King Salman telephoned Aoun to wish him success, "stressing the kingdom of Saudi Arabia's support for Lebanon and its unity", the official Saudi Press Agency reported late Tuesday.
Lebanese lawmakers elected the 81-year-old former army chief on Monday, ending a two-year vacancy caused by a deadlock between Iran- and Saudi-backed blocs in parliament.
Aoun had received the unstinting support of Iran's Lebanese ally, Shiite militant group Hezbollah, which Saudi Arabia blacklisted as a "terrorist organisation" in March.
His election followed a surprise U-turn by two key leaders of the pro-Saudi camp -- billionaire Sunni former prime minister Saad Hariri and Christian Lebanese Forces leader Samir Geagea.
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Hariri's influence in Lebanon has waned as his construction firm Saudi Oger has been hit by a slowdown in Saudi government infrastructure spending in what has been seen by some as a disengagement by his longtime sponsor.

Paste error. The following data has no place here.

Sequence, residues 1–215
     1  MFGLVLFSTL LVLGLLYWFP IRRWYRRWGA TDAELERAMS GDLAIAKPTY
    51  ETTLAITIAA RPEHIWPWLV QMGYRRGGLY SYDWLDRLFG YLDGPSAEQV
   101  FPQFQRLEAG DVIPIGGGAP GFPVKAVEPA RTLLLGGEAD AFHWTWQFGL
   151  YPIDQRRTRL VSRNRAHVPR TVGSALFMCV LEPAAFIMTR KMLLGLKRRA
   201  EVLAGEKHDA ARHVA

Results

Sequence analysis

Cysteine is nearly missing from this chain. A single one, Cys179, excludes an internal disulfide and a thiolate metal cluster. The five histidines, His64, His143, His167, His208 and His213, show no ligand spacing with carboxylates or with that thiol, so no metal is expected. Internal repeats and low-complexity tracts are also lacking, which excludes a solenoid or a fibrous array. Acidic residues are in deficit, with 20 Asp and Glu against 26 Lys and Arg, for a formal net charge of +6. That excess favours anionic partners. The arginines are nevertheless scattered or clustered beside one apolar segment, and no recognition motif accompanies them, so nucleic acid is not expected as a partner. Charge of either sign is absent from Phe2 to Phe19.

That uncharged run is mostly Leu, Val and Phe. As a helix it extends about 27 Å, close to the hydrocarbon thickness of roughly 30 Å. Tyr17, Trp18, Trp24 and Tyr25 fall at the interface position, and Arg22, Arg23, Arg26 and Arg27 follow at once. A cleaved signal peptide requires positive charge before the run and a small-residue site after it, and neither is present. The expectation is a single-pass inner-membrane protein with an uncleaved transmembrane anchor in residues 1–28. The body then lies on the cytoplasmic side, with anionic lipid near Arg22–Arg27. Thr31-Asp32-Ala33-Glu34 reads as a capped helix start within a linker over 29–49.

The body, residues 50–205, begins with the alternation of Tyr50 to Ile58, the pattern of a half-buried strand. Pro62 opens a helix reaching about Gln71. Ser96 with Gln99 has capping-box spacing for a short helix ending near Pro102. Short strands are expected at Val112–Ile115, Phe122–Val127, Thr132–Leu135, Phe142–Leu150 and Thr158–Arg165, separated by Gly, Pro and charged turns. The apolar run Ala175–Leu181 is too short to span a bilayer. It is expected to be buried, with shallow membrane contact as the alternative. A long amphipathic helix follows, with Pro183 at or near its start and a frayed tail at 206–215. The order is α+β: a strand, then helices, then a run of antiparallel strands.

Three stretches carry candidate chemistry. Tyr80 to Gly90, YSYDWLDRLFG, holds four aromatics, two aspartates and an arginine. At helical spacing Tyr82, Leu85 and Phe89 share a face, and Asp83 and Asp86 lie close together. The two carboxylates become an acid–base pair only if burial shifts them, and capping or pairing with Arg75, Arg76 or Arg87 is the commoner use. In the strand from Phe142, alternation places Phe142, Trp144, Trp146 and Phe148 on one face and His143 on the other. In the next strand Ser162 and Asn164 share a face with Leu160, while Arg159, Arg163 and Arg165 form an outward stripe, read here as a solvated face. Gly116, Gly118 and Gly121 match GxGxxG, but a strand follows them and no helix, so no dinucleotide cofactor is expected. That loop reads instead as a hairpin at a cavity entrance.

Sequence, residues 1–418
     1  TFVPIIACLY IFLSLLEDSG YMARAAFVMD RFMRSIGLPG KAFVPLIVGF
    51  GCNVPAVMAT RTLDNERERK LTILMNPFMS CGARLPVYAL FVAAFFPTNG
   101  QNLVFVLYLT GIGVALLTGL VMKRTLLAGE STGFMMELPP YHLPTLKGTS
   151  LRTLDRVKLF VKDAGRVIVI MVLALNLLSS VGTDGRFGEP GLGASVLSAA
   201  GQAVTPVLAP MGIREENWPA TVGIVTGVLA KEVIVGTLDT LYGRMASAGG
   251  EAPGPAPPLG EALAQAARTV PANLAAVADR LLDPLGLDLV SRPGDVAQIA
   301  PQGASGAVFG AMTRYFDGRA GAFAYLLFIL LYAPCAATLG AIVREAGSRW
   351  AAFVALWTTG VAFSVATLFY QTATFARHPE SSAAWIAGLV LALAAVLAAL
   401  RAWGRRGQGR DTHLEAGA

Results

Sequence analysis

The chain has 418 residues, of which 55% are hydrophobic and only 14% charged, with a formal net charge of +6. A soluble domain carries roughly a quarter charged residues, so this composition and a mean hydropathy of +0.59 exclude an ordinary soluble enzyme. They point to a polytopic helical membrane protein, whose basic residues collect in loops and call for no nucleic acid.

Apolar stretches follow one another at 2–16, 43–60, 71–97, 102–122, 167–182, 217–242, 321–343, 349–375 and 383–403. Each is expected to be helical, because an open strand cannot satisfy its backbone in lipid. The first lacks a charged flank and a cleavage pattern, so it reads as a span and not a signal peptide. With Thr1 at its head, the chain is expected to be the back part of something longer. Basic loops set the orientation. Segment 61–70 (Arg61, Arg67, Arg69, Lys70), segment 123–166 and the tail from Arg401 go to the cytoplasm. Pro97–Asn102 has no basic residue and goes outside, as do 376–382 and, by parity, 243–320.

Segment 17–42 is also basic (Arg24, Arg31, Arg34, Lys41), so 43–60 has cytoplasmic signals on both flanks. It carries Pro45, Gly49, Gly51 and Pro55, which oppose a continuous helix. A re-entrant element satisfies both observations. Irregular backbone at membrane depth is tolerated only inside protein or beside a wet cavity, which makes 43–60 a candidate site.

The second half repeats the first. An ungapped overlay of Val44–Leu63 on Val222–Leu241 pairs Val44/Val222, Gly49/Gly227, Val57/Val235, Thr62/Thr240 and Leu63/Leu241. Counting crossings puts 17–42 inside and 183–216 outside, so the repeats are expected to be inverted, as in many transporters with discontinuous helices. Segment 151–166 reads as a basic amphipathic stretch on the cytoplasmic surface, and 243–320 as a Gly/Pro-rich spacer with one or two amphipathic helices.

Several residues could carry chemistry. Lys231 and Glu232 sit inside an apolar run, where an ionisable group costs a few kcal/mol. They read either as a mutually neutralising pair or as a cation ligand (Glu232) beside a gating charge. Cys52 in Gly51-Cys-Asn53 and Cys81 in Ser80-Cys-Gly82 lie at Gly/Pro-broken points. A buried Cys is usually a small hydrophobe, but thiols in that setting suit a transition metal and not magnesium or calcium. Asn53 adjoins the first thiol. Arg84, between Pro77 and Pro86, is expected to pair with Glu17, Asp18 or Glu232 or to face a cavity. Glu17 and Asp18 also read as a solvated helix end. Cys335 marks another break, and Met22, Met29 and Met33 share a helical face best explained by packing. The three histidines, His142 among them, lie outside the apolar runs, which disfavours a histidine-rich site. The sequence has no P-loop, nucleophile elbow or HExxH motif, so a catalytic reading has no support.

Saudi Arabia's relations with both Hezbollah and its ally Iran have deteriorated sharply this year amid deep differences over the conflict in Syria.
Hezbollah has sent thousands of fighters to back President Bashar al-Assad. Riyadh supports the rebels.
Earlier this year, the kingdom halted a $3 billion programme of military aid to Lebanon to protest what it said was "the stranglehold of Hezbollah on the state".
It also urged its citizens to leave Lebanon and avoid travel to the country.